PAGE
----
Conventional wisdom says that for No. 1 Auburn, Saturday’s SEC championship game is for a berth in the BCS title game in Glendale, Ariz., on Jan. 10. Beat South Carolina for the second time this season and the Tigers (12-0) will play somebody, probably Oregon, for its first national championship since 1957. Lose, and Auburn is likely headed to the Orange Bowl.
But remember, we are in the age of the BCS, when humans combine with computers to make the unusual happen.
Remember 2003? No. 1 Oklahoma was undefeated and ranked No. 1 in the BCS Standings and No. 1 in both the human polls going into championship Saturday. But the Sooners lost 35-7 in the Big 12 championship game to Kansas State.
Still, when all the BCS numbers were crunched the next day, Oklahoma (12-1) was No. 1 and LSU (12-1), which had beaten Georgia in the SEC championship game, was No. 2. USC (11-1), which had beaten Oregon State 52-28 on championship Saturday, moved to No. 1 in both human polls but dropped to No. 3 in the final BCS Standings. Oklahoma and LSU went on to play for the BCS national championship, which was won by LSU. USC beat Michigan in the Rose Bowl and was awarded the national championship by the Associated Press.
The next year they changed the BCS formula to give greater weight (two-thirds) to the voters in the human polls. A non-conference champion has not played in the BCS title game since.
So I want to ask an unconventional question this morning: If Auburn loses in a tight game to South Carolina on Saturday at the Georgia Dome, could the Tigers STILL get into the BCS championship game?
Despite the change in the BCS formula I believe the answer is yes. And here’s why:
First of all, you can make the argument that at 12-1, Auburn’s resume is still stronger than TCU at 12-0 or for any other one-loss team in the top five:
1. Auburn, if it loses, will be 12-1 with FIVE wins over teams in the BCS Top 25: No. 7 Arkansas, No. 10 LSU, No. 16 Alabama, No. 19 South Carolina (earlier this season), and No. 22 Mississippi State. Auburn enters the game ranked No. 1 in all six computer polls.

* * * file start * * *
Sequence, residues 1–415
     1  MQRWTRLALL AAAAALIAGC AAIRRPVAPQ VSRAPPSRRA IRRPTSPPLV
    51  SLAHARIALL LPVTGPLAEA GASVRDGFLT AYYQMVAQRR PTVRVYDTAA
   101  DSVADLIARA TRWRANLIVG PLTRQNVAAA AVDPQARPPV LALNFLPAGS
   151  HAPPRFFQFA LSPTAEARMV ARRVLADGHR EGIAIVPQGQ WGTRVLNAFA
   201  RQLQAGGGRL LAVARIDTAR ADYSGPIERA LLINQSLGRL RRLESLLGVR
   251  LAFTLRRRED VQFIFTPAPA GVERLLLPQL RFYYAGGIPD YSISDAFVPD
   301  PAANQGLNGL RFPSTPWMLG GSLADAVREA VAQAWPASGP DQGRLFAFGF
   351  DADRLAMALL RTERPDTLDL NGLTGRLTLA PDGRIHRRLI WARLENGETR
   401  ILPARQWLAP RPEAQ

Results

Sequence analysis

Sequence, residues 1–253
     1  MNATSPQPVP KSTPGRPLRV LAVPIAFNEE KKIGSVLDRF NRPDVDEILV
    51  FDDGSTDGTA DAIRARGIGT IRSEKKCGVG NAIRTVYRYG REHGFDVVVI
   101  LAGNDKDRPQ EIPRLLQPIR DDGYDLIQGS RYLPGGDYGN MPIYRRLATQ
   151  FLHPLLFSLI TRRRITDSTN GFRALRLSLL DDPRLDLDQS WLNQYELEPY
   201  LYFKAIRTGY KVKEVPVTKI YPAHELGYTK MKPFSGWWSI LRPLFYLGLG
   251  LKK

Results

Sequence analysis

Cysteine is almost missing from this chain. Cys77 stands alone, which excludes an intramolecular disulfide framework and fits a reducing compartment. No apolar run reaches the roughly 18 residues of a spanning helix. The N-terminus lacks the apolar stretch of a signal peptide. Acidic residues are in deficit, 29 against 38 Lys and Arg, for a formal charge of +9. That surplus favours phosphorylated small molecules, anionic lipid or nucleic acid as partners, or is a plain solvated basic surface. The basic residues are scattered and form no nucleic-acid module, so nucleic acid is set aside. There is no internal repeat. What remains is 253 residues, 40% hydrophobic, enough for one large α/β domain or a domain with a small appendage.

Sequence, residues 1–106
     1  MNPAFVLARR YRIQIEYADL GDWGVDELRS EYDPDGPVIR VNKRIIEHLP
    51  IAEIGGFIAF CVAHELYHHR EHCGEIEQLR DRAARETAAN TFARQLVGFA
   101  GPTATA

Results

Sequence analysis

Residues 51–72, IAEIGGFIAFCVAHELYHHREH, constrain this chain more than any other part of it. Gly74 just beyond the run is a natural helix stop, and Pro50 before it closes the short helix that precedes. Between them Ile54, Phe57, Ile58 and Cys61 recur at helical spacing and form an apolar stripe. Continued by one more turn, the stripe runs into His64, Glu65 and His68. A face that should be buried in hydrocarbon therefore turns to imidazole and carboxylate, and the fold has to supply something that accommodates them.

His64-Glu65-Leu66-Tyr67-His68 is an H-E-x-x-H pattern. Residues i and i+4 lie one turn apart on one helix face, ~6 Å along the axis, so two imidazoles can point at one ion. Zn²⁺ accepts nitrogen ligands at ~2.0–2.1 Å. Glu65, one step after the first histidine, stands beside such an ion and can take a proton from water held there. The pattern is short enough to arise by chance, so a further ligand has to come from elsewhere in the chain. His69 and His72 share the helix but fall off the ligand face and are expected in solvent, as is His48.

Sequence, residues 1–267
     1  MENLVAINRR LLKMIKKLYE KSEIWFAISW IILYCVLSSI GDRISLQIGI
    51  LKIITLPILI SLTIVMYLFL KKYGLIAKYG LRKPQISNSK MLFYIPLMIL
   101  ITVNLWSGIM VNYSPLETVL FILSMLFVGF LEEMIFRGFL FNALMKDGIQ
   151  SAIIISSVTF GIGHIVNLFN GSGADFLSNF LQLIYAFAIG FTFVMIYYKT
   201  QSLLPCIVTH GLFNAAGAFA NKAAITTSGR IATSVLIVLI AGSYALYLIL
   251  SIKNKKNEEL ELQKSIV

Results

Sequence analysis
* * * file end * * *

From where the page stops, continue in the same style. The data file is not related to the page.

2. Oregon (11-0): Has played TWO teams in Top 25: No. 4 Stanford (won) and No. 23 Arizona (won)
3. TCU (12-0): Has beaten one team, No. 20 Utah, in the BCS Top 25.
4. Stanford (11-1): Has played TWO teams in Top 25: lost to No. 2 Oregon 52-31; beat No. 23 Arizona
5. Wisconsin (11-1): Played TWO teams in the Top 25: lost to No. 8 Michigan State; beat No. 6 Ohio State
The biggest argument, however, will come if the voters have to choose between a 12-0 TCU and 12-1 Auburn.
Using the CBSSports.com 120, which ranks all 120 teams, here are the rankings of Auburn’s 11 Division I opponents:
19—South Carolina (which it has already beaten)
That’s five wins in the top 23, nine wins in the Top 80 and two opponents ranked No. 100 or higher.
Here are the rankings of TCU’s 11 Division I-A opponents:
32—San Diego State
That’s one win the Top 21, seven wins in the Top 80, and four wins against teams ranked 104 or higher.
So for Auburn it is all going to come down to the human voters in the Coaches poll and the Harris Interactive polls. If Auburn loses on Saturday, do the voters look at the body of work to make the decision on how far to drop the Tigers? Or do they simply say that Auburn didn’t win its conference championship and thus elevate TCU or Wisconsin?
Remember, there is no rule that says a team has to win its conference championship to play in the BCS title game.
Man, this is going to be a fun week.
Please follow me on Twitter: